This morning NOAA released a report from its dolphin health assessment following the Deepwater Horizon oil spill. Their investigation shows the effects of the spill on dolphins in Barataria Bay, including a higher prevalence of lung disease and adrenal effects.
One of the worst sights I’ve ever seen was the Gulf Oil Spill, but the thing that brought tears to my eyes was seeing dolphins doing their usual graceful arcing dives into and out of oil slicks. Besides being coated by the oil, they were breathing air at the surface that I knew contained toxic hydrocarbons from the spill since I could smell them myself.
Oil is a mixture that includes many toxic chemicals, and some of them evaporate into the air. Besides breathing those chemicals when they surfaced, the dolphins were likely exposed to the oil in other ways such as when swallowing water, and through their food. We are just now beginning to learn the impacts of the oil on marine life.
While we have seen an unusual number of dolphin deaths during and after the spill, this report verifies that the oil took a larger toll on dolphins. It shows that many of those that survived were made sick by the oil. Illnesses like the ones seen in this report can compromise their ability to survive in the long run, not to mention their ability to reproduce and maintain healthy populations.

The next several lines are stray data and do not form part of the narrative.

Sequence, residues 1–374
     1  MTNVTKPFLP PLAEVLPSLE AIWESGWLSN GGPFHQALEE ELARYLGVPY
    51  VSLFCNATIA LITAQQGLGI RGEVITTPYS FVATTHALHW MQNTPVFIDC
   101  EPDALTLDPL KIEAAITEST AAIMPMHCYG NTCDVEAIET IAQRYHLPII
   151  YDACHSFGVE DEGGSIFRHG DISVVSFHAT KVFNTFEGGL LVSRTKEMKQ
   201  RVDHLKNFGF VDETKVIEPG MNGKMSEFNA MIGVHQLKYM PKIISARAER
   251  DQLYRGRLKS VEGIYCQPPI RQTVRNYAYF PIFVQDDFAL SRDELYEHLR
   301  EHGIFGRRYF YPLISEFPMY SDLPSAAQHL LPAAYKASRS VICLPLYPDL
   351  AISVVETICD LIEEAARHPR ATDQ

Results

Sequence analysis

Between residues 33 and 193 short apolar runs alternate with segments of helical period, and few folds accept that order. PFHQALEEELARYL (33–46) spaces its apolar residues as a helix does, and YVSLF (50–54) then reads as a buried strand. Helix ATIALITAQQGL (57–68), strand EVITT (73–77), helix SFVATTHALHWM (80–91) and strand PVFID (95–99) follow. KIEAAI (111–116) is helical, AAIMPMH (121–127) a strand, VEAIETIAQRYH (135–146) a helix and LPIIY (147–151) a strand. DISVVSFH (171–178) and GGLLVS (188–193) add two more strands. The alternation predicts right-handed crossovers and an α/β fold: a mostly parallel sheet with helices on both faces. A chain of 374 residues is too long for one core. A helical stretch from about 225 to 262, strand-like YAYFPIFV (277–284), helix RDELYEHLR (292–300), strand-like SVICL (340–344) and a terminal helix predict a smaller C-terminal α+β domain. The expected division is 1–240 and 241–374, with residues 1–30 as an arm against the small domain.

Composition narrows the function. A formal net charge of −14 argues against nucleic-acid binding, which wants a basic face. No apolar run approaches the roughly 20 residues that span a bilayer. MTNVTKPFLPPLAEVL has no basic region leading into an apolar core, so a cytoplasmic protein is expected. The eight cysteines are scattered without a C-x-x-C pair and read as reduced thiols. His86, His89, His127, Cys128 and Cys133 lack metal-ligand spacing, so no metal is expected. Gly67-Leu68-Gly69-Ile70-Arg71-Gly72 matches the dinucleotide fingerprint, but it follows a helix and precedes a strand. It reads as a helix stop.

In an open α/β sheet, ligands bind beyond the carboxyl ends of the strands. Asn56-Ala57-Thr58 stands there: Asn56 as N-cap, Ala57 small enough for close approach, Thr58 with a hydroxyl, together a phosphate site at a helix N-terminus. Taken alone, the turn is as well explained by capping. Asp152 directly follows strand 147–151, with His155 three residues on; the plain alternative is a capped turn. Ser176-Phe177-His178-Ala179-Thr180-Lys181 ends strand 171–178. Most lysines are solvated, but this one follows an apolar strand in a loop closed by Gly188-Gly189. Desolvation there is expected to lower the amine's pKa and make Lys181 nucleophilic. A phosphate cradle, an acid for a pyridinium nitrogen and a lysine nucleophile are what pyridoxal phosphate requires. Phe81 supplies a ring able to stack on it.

Oil production in the Gulf has had a much larger toll on the ecosystem than most people realize. There are many impacts you don’t see, and these sick dolphins are a good example. We wouldn’t even know about these if it weren’t for the dedicated work of NOAA’s damage assessment team. But they can’t test every animal or every part of the Gulf of Mexico. In fact the full damage assessment must be much, much worse.
Every time the government allows more offshore drilling rather than stimulating clean energy like offshore wind, they are allowing these types of impacts on marine life. Thankfully we have prevented drilling in the Atlantic for now, but we continue to place dolphins and other marine animals in harm’s way by allowing offshore drilling in the Gulf and even in the Arctic.
Instead, the government needs to move away from offshore drilling, especially offshore in the Arctic, where there are even more hazards than in the Gulf, like frequent darkness and floating ice, and much less response capacity even that what we saw in the Gulf. TheObama Administration must begin to transition us off of oil, and onto offshore wind and other clean energy alternatives, so we can make sure the types of injuries to marine life shown in this report never happen again.
This article was written by Jackie Savitz for the Beacon.